On the same day President Obama spoke at Macomb Community College in Warren, Mich., to outline a federal spending plan for two-year schools, Cisco Systems Inc. launched a workforce training initiative at the school that's designed to support technology-based jobs.

The president praised Cisco's Workforce Retraining Initiative (WRI) during his July 14 speech, according to the company. The initiative will build on the company's Networking Academy training program, which already enrolls 128,000 students across the country. The Michigan WRI will focus on broadband, network security and health care information technology training to align with the state's economic-recovery strategy.

Through the WRI, Cisco will offer additional courses in security and a more advanced program for broadband technicians and engineers at all 21 Michigan community colleges beginning in September. In addition to Macomb, Cisco is partnering with Henry Ford Community College, Oakland Community College and Davenport University in Michigan to offer a pilot program in health care IT that is scheduled to begin in January.

The Networking Academy began in 1997 as a program to educate people on how to install and use Cisco products. Since then, the company has invested more than $350 million into the program, and there are more than 2,200 Networking Academies in the United States.

The program benefits Cisco by increasing the talent pool of professionals who can install and operate the company's networking technology, said Cisco Chairman and CEO John Chambers in a July 14 statement. But the program is not specifically designed to teach students how to work with Cisco-only products. Rather, it's designed to teach general networking technology.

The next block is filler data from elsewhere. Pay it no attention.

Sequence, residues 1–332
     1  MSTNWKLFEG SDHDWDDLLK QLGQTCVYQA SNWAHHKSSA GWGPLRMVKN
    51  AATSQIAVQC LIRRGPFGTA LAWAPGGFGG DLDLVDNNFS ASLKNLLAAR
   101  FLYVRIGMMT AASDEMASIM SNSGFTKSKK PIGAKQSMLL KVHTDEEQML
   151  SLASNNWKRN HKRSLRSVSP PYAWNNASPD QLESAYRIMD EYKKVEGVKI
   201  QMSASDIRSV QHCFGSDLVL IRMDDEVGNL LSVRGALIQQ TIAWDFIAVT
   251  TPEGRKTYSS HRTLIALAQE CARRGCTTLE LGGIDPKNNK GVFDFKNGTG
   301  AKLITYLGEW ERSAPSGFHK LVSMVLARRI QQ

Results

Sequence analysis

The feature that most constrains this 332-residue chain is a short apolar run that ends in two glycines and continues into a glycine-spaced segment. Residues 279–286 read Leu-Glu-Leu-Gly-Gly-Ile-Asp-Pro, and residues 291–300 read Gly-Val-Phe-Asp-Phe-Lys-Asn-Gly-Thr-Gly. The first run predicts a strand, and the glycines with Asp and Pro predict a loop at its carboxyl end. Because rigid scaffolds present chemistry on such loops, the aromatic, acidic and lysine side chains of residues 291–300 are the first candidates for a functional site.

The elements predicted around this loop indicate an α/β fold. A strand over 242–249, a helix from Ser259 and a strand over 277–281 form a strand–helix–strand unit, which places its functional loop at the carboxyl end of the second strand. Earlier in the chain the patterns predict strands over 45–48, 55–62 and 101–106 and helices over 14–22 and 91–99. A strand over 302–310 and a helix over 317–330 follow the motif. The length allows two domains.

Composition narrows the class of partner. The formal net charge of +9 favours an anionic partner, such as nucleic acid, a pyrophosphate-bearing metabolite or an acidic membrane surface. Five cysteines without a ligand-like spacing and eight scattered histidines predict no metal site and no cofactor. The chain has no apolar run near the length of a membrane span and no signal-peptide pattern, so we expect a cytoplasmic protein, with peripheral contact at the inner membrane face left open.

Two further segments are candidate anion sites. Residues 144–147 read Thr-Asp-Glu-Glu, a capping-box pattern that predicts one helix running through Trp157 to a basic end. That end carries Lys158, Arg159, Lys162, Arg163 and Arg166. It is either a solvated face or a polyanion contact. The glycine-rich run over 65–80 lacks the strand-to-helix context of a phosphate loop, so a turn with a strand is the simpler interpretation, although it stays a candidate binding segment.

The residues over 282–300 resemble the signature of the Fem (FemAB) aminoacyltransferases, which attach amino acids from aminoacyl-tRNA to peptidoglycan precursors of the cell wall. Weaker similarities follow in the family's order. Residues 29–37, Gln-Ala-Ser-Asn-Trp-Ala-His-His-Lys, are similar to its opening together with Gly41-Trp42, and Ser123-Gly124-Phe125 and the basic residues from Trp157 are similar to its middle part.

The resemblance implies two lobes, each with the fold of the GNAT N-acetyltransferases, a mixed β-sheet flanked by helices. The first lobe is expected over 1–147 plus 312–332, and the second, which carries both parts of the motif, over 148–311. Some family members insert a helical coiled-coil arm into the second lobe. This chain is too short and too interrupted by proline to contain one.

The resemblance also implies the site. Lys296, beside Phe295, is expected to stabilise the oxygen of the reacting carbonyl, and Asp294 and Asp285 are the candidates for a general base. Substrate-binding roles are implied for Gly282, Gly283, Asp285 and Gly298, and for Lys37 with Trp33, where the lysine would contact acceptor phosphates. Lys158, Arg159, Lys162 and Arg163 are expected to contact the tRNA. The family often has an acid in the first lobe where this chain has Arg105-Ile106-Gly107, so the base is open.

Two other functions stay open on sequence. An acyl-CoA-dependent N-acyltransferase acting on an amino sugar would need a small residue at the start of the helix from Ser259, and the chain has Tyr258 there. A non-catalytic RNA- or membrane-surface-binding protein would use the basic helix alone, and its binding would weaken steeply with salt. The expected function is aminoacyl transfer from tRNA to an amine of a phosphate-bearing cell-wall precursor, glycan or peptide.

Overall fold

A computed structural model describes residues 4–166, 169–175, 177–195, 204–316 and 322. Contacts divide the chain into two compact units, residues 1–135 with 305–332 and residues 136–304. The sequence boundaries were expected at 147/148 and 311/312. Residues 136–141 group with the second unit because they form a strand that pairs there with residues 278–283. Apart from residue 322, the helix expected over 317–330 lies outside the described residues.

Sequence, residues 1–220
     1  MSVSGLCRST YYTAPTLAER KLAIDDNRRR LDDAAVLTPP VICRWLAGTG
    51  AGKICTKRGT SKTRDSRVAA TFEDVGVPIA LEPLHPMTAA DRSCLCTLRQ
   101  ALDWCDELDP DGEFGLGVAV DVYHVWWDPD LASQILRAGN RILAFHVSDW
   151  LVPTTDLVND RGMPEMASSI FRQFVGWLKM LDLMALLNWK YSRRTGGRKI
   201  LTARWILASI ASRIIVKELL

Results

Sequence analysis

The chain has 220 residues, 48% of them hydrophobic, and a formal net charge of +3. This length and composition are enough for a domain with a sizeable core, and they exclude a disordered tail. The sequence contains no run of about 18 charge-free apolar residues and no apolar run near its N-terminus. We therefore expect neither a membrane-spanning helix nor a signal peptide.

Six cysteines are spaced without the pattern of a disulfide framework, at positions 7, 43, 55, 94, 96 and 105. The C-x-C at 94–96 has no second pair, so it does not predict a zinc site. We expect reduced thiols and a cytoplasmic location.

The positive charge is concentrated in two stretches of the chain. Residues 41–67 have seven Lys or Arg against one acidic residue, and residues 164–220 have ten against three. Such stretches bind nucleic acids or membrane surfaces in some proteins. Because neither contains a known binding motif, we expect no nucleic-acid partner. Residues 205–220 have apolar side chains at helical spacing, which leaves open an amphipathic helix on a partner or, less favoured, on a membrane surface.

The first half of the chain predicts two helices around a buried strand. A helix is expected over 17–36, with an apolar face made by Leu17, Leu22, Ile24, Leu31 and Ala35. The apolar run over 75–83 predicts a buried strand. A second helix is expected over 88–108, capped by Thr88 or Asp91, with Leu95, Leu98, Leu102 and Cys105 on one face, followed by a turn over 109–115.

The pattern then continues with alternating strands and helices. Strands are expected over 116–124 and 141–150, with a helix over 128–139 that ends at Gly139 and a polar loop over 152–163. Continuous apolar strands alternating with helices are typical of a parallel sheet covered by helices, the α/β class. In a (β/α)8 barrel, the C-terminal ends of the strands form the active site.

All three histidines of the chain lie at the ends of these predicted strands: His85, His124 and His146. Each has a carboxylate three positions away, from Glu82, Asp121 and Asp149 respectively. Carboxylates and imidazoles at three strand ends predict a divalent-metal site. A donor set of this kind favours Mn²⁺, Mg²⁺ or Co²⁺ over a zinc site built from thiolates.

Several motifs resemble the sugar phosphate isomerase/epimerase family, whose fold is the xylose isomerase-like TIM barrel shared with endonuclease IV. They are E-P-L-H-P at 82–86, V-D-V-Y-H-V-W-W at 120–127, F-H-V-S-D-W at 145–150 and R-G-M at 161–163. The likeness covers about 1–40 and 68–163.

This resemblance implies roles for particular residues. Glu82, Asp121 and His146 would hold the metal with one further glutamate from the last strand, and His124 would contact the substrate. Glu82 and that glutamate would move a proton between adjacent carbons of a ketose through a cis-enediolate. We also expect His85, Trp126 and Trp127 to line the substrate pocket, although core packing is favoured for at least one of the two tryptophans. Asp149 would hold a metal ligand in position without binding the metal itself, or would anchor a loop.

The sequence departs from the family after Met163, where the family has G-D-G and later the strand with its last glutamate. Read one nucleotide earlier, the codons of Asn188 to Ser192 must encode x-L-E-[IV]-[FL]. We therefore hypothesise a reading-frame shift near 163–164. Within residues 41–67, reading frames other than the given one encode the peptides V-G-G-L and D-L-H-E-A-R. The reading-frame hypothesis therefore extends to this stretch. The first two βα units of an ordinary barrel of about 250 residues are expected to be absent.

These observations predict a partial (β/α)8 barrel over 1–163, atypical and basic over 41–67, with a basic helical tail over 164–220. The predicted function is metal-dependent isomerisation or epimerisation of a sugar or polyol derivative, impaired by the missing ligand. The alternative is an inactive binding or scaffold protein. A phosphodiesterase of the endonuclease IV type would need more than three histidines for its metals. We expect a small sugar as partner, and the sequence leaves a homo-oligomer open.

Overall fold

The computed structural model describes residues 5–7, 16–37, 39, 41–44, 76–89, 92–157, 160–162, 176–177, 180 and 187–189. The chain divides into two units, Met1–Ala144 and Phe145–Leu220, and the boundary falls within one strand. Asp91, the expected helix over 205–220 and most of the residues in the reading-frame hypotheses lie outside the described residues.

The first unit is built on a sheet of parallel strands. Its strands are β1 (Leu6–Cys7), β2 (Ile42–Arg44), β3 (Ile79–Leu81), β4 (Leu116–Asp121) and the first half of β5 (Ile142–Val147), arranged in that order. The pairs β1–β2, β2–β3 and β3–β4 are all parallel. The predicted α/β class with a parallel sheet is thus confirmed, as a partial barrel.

Cisco Systems
At A Glance


Cisco Systems
San Jose, Calif.
Primary Industry: Computers & Other Electronic Products
Number of Employees: 66,129
2008 In Review
Revenue: $35.9 billion
Profit Margin: 20.36%
Sales Turnover: 0.67
Inventory Turnover: 10.99
Revenue Growth: 13.22%
Return On Assets: 15.10%
Return On Equity: 25.58%
"The skills and knowledge gained in our programs widely apply to any IP-based network, which these days are pretty much all new networks," Chambers said in the prepared statement. "So Networking Academy graduates can obtain jobs involving a broad spectrum of IT and networking equipment, not just Cisco's."Cisco has committed "several million dollars" to the program for course development and IT support. The schools will provide the instructors classrooms and lab equipment, Chambers said.

The program's success will depend on how effective the courses are at attracting unemployed workers, training the students and helping them obtain certifications and new jobs, according to Chambers.

The timing of the WRI couldn't be more appropriate. Politicians and industry leaders have been clamoring for more collaboration between the business community and educational institutions to develop workforce skills.

Obama's recently announced plan calls for the nation's two-year schools to receive $12 billion for developing programs that will help U.S. workers attain in-demand skills.

Chambers said he thinks partnerships between public and private sectors are the most effective way address social issues.

"Today, more than ever, government and the private sector need to join together," he said in the July 14 statement. "No one entity can do this sort of thing as effectively as governments, businesses and other institutions working collaboratively. By combining the unique capabilities and resources from Cisco, the federal government, state governments, local communities and educational institutions, we have a very good chance of creating programs that can provide much-needed help during this recession, as well as building a foundation for the long-term success of the country."


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